Pity the poor, wretched, timid soul, too faint hearted to resist his oppressors. He sings the songs of the damned, 'I cannot resist, I have too much to lose, they might take my property or confiscate my earnings, what would my family do, how would they survive?' He hides behind pretended family responsibility, failing to see that the most glorious legacy that we can bequeath to our posterity is liberty!" ~ W. Vaughn Ellsworth
Dubya: Herbert Hoover II?
I noted with interest President George W. Bush's recent call for affordable high-speed Internet access for all Americans by 2007. The resemblance to Herbert Hoover's 1928 slogan of a 'chicken in every pot' was simply too much to ignore. While these may seem to be unrelated issues, to those who know anything about American political history, this was a spooky pronouncement, with an ominous outlook for the future if you compare Hoover's situation then to Bush's predicament today.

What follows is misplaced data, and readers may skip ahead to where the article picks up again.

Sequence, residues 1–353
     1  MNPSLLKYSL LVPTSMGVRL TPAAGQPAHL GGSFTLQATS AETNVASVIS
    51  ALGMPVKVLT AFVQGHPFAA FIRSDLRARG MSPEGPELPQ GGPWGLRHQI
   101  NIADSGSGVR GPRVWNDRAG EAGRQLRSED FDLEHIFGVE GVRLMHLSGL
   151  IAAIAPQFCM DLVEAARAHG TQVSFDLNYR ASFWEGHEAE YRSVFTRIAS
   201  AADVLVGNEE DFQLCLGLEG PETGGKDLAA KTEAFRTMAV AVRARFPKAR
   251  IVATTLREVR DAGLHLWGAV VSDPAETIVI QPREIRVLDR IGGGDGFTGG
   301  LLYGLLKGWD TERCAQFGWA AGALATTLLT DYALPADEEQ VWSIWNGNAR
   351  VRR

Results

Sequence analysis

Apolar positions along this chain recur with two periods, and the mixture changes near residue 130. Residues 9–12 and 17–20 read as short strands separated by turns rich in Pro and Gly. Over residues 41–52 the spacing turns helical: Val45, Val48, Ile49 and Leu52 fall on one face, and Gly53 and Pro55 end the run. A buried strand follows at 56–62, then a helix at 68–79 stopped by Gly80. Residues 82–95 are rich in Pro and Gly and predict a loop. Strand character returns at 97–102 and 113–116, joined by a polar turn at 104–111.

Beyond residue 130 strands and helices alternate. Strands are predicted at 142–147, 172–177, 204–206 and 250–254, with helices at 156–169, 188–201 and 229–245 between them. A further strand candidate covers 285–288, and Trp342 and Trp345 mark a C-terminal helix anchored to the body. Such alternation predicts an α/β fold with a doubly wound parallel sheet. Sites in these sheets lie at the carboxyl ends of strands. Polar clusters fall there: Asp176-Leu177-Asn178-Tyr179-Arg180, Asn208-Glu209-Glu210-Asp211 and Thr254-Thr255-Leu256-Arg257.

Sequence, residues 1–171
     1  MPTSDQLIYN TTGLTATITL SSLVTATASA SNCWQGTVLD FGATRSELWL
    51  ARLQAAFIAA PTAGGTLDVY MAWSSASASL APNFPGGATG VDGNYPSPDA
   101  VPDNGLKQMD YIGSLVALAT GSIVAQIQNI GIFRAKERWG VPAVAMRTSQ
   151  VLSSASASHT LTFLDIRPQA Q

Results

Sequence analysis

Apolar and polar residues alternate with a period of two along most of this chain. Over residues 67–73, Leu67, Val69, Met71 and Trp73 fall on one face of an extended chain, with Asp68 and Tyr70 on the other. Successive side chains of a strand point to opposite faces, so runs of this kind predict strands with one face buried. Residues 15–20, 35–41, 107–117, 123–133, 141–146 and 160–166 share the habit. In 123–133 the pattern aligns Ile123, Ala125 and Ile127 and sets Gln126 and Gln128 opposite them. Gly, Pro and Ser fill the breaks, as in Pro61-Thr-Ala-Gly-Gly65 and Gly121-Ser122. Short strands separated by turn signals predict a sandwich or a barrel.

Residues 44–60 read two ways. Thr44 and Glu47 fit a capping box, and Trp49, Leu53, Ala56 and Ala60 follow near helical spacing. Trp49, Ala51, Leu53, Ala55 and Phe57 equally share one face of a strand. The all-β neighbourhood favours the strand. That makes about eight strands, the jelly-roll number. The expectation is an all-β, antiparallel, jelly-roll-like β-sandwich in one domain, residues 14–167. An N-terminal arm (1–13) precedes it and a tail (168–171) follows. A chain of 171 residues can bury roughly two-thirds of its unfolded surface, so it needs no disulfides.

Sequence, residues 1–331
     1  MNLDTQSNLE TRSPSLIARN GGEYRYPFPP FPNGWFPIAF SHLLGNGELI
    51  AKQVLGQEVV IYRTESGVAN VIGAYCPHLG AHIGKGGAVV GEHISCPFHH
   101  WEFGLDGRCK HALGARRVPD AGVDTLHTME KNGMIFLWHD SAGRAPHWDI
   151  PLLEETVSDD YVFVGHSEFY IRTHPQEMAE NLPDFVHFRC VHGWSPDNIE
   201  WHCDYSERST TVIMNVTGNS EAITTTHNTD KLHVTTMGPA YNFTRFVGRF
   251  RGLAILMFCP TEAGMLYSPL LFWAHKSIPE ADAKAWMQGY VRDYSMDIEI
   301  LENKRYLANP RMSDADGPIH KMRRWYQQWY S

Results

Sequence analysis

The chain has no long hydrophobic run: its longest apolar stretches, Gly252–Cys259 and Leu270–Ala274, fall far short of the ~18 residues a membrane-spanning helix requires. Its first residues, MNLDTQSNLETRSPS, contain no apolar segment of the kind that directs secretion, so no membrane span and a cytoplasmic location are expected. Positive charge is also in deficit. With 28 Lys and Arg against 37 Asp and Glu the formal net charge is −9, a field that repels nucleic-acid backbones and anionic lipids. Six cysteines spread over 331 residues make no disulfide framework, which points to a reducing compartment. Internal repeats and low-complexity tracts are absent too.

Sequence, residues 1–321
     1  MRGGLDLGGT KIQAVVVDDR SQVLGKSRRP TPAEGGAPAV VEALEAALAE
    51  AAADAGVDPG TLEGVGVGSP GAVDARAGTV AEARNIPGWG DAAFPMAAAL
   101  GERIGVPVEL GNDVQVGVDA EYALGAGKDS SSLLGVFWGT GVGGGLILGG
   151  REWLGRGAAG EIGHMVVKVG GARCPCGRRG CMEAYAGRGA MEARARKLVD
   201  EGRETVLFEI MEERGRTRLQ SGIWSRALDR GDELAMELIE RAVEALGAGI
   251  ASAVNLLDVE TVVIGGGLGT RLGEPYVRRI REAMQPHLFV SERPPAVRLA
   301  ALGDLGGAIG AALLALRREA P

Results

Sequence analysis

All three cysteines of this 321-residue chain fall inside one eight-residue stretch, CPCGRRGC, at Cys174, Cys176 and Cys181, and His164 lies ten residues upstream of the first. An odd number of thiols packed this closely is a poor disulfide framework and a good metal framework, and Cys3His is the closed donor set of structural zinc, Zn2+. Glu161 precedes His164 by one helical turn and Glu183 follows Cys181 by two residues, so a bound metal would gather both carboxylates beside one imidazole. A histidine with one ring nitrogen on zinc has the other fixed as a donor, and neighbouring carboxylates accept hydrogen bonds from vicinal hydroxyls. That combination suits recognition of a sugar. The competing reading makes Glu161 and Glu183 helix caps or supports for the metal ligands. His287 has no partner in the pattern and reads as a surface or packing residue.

Just like Hoover, Bush's call was not original. Hoover paraphrased France's King Henry IV who said that he hoped each peasant would have 'a chicken in his pot every Sunday.' Bush's remark merely reiterated Al Gore's call for an 'information superhighway' for all Americans.
Unlike Hoover, who was elected by one of the largest majorities in Republican Party history, Bush just barely squeaked into office, with an assist from the Supreme Court.
'When Hoover became president, there was a frenzy of activity on the stock market. People were buying stocks by borrowing money, or they were buying stocks on margin (buying with only a portion of the money down, and the rest out of profits). This had been going on since the early 1920s, and Herbert Hoover knew this gambling in the stock market was dangerous. Banks were also speculating in the stock market with their depositors' money, and there were no laws to stop them. Soon after Hoover's inauguration, the market went up and up. Most of the money for stock market gambling was being borrowed through the banks, and Hoover asked for an examination of the banking system along with laws to reform and strengthen the system.